Climate change, emissions and discharges
Our approach to climate change
Our oil and gas exploration and production activities are carbon intensive and our approach to climate change continues to include:
- GHGs measuring and reporting;
- further consideration of climate change risks and opportunities associated with all our projects;
- promoting efficient use of energy in our activities and, wherever possible, including efficient and timely completion of projects;
- integrating climate change considerations and potential costs into investment decisions;
- stakeholder engagement; for example, through participating in industry associations, on mitigation and adaptation to climate change measures; and
- contribution to local programmes that address environmental and social impacts within our sphere of control and reasonable influence.
See also our Climate change review.
Our GHG emissions
Greenhouse gases (GHGs) form a part of our operational environmental footprint. We monitor and manage the GHGs emitted during our activities and disclose them in accordance with industry requirements and standards. In 2016, we conducted a thorough review of the methods and factors used in the calculation of our GHG emissions, and corrections were made in line with best practice.
We disclose on an ‘operational control’ basis, which means we report emissions from those assets that are operated by us and not those controlled by our partners. With no operated production facilities in 2016, our direct GHG emissions occurred primarily from the combustion of fuel on the rig, vessels and aviation, and from flaring during testing, in relation to the completion of the second phase of the appraisal and exploration programme in Senegal.
Our GHG emissions over five years show that they are heavily dependent on the level of operational activity in any given period. Our emissions levels in absolute terms vary with the length of operations and operational requirements, which are often also influenced by safety considerations (e.g. vessel or rig selection to meet specific operational requirements).
The varying levels of operational activity make it very difficult to identify a baseline and set targets for total GHG reduction over time.
Our GHG emissions intensity is calculated per thousand hours worked, as this provides a direct relationship with our activity. Factors such as the nature of the work in hand (i.e. drilling or seismic survey), environmental conditions and distances between operations and logistic support bases have further significant influences on the intensity of GHG emissions. We strive to reduce the footprint of our activities by operating efficiently and quickly but not to the detriment of safety.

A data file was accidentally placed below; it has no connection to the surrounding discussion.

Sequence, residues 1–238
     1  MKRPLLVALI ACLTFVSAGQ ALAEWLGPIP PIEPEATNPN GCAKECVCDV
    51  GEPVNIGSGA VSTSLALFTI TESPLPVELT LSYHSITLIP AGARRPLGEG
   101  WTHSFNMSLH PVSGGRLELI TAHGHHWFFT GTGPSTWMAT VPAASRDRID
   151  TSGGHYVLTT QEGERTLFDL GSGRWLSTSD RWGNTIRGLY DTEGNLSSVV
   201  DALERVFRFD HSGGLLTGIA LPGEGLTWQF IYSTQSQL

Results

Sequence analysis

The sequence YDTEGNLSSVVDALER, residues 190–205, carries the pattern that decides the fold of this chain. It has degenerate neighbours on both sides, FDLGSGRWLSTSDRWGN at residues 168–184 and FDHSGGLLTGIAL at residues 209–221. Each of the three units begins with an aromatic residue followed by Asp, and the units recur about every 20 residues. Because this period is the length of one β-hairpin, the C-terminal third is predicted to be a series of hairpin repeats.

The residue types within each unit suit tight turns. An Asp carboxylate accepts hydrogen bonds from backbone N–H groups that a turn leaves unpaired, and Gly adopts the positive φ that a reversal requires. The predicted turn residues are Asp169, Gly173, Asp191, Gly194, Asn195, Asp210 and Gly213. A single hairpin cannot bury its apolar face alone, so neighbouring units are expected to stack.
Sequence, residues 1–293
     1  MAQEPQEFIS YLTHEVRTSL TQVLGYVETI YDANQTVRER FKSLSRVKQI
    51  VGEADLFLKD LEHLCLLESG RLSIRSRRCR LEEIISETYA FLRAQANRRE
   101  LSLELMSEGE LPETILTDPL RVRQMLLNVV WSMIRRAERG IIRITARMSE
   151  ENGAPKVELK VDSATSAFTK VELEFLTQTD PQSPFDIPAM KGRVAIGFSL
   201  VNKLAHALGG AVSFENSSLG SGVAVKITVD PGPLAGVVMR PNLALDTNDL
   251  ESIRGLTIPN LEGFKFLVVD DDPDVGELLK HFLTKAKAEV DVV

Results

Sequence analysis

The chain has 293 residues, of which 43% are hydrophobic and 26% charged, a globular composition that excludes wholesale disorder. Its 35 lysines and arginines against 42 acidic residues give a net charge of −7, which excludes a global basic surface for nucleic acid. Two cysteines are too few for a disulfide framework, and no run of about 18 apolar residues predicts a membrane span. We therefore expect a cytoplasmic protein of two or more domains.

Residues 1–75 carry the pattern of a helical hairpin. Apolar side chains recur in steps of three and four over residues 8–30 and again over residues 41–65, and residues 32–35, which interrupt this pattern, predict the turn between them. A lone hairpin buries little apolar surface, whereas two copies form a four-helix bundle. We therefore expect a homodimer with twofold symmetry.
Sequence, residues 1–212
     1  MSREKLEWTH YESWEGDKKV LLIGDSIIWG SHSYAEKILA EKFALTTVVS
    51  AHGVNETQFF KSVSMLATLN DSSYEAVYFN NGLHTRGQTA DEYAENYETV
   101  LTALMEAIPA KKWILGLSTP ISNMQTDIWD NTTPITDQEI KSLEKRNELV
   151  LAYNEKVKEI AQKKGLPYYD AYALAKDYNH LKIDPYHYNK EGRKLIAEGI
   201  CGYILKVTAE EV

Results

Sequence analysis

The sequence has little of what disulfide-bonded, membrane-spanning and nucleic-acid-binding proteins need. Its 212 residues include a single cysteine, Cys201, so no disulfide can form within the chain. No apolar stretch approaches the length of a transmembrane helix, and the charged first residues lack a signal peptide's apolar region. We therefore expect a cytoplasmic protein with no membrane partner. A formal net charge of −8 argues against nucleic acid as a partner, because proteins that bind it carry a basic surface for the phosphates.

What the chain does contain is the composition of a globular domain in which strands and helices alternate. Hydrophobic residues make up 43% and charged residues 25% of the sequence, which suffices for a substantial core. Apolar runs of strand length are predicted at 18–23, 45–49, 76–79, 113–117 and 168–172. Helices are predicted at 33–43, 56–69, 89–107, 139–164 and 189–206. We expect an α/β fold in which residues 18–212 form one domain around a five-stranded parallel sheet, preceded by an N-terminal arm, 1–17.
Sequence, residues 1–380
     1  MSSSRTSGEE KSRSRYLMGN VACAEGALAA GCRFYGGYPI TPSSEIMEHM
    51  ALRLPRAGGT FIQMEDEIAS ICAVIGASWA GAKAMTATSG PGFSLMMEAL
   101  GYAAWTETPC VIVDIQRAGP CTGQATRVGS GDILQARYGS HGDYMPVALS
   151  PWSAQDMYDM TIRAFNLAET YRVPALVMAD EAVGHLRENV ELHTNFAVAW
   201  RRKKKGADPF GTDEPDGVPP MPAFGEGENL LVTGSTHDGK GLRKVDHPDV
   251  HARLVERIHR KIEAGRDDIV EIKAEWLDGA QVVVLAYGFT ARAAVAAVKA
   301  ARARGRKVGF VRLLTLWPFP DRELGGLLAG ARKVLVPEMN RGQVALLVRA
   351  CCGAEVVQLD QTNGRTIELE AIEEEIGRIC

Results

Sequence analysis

The quantity of GHG emissions from our activities reduced in 2016 from 2015 despite an increase in hours worked. Consequently, GHG intensity per thousand hours worked has improved substantially.
RPS was appointed to provide independent verification of greenhouse gas (GHG) emissions reported in the Annual Report and Accounts 2016 and this CR Report.
Emissions, discharges and waste performance
In March 2016, we completed the second phase of our exploration and appraisal programme in Senegal and commenced planning for the third phase, which started in 2017. As such, our operations in 2016 were relatively limited in terms of emissions, discharges and wastes. We expect emissions, discharges and wastes to be broadly similar to 2016 based on an anticipated programme of two firm wells in 2017. However, the third phase programme includes a number of optional wells, which, if executed, would increase our emissions, discharges and waste profile. It remains difficult to set specific reduction targets when levels of activity vary from year to year, but we are committed to minimising our environmental impact from operations and to reporting fully and transparently on this matter.
At the end of the second phase of the exploration and appraisal campaign in Senegal, unanticipated residual wastes from the drill rig tanks required specific treatment as hazardous waste in accordance with EU classification. We achieved successful treatment by filter press and dry residues were packaged and sent ashore, prior to onward shipment to Spain under the Basel Convention due to the absence of suitable waste management sites in Senegal.
The majority of Cairn’s waste is produced by contractors, so our priority for 2016 was to ensure our Waste Management Plan was followed and remains robust while planning for the 2017 programme.
In 2016, we generated 245 tonnes hazardous and 381 tonnes non-hazardous waste. 40% of our total waste was recycled or reused (see performance data Discharges).
Total absolute and normalised GHG emissions (Scopes 1, 2 and 3)
See performance data Climate change and emissions.
We experienced four minor spills of hydrocarbon in 2016, which arose from “‘flare-out” incidents during well testing in the phase two drilling programme in Senegal. These arose as a consequence of ineffective rig orientation to the prevailing weather, seawater salting of the flare nozzle and setting the water deluge too high. These issues were addressed early in the campaign and no further problems occurred. A total of 167 litres we spilled to sea, however, the oil dispersed and evaporated rapidly and was considered to have a low environmental impact. All escapes were reported to the authorities.
- Continue to track risk arising from climate change treaties and legislation
- We will review our greenhouse gas (GHG) monitoring and accounting preparedness
- Maintain licence to operate
- Health, safety, environmental and security incidents
- Operational and project performance
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